The Yoga 3 Pro keeps the same display resolution as the Yoga 2 Pro, but the model number has been bumped from the SDC424A to SDC434A. The good is that this is already a high resolution display, with 3200x1800 pixels. The bad is that the Samsung made display is a Red Green Blue White (RGBW) subpixel arrangement, which can cause issues with color reproduction and contrast. Luckily Lenovo has sorted out the color reproduction for the Yoga 3 Pro, just like they did with the Yoga 2 Pro a few months into its life.

The higher display density can cause issues with some Windows apps, but overall it is less of a problem now. Hopefully Windows 10 will fix the last remaining issues with high DPI displays.

The Samsung display now has some competition as well. As we have recently seen, Dell launched the new XPS 13 with a Sharp IGZO 3200x1800 display. The Lenovo does come in a bit less expensive, but the Sharp displays have proven to be very good for brightness, black levels, contrast, and color reproduction.

To test our displays, we use SpectralCal’s CalMAN 5 software suite, with an X-Rite i1Display Pro colorimeter for brightness and contrast testing, and the X-Rite i1Pro spectrophotometer for color accuracy.

Display - Max Brightness

Display - Black Levels

Display - Contrast Ratio

The Yoga 2 Pro was only able to hit 248 nits, and the Yoga 3 Pro can achieve 330 nits, which is a good improvement. However the black levels are very high, with 0.73 nits at maximum brightness, which leads to a mediocre 450:1 contrast ratio. The Dell XPS 13 was able to get over 1500:1, with a higher brightness as well. Lenovo needs to move away from the Samsung display if they can.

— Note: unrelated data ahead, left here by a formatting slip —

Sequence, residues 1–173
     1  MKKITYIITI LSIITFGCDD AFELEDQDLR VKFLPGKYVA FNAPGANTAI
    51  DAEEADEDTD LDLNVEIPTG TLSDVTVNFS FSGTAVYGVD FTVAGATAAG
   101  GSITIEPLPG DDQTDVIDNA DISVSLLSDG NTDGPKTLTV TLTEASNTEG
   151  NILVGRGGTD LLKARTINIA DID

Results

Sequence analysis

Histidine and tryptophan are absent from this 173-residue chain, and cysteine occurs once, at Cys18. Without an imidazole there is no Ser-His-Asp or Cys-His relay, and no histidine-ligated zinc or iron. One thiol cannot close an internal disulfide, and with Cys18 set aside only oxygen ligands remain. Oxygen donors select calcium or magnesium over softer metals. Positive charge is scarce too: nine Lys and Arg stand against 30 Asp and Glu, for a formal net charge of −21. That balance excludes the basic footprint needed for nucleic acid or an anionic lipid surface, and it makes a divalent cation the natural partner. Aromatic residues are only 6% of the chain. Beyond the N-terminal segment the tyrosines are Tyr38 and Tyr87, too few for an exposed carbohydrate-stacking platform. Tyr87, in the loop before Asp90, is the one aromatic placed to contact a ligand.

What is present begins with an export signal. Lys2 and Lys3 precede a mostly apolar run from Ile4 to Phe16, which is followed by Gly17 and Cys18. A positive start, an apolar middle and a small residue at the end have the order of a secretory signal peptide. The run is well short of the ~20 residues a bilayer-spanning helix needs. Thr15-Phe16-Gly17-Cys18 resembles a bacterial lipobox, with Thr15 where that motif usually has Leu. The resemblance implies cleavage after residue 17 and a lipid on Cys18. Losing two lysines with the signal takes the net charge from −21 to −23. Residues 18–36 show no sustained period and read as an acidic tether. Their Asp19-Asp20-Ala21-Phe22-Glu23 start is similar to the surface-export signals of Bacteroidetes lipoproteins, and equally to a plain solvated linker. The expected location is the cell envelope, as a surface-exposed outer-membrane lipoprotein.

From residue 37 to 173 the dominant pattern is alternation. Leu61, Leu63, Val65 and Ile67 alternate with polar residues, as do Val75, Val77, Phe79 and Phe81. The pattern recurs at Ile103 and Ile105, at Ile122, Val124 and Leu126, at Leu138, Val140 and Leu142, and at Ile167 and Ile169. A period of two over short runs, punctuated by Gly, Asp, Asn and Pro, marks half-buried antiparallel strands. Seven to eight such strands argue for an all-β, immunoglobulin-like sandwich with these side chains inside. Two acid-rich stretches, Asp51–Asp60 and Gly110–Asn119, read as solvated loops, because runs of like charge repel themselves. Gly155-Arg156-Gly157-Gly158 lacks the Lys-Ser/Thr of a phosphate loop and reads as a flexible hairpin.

Display - Grayscale Accuracy

Display - White Point

In the Grayscale sweep, you can see that the blue colors drop off quite substantially in the upper levels. This gives us an average dE of just over 5. It is not horrible, but not as good as we have seen from competing devices lately. Luckily this can be corrected through calibration. The White Point is ideal though, and the default gamma comes in close to the 2.2 that we are looking for.

Display - Saturation Accuracy

The saturations on the Yoga 3 Pro are pretty good, with the display able to cover the sRGB gamut with the exception of the Blue range which cannot quite hit the 100% level. Still, it is a reasonable showing.

Display - Gamut Accuracy

Display - GMB Accuracy

The GMB score is also reasonable, with the Yoga 3 Pro coming in just under 4. It is not the best nor worst display we have seen, but the bar has been raised and it would be good to see more devices having better quality displays. It seems like a broken record, since we have now pretty much moved away from TN panels on all premium devices, but we still have a ways to go.

The Yoga 3 Pro had no issues being calibrated, and we were able to run through our tests and clean up the scores a bit. Calibration on a device like this mostly just fixes the grayscale, but it can be a big improvement.

The grayscale result is much better once calibrated, coming in at just 1.34. All of the other scores have improved as well, with saturation now 2.337, GMB at 2.5013, and gamut at 3.6681. Once calibrated, the display behaves very well, although the contrast ratio cannot be corrected through calibration. That is really the one detriment to this display. The RGBW layout is not ideal and hopefully Lenovo will move to a different display for future models. The Samsung display just has very poor blacks, and it can be distracting when using the device for watching dark movies. Still, it would be a nice benefit if Lenovo would include an ICC profile for the display to correct what can be corrected.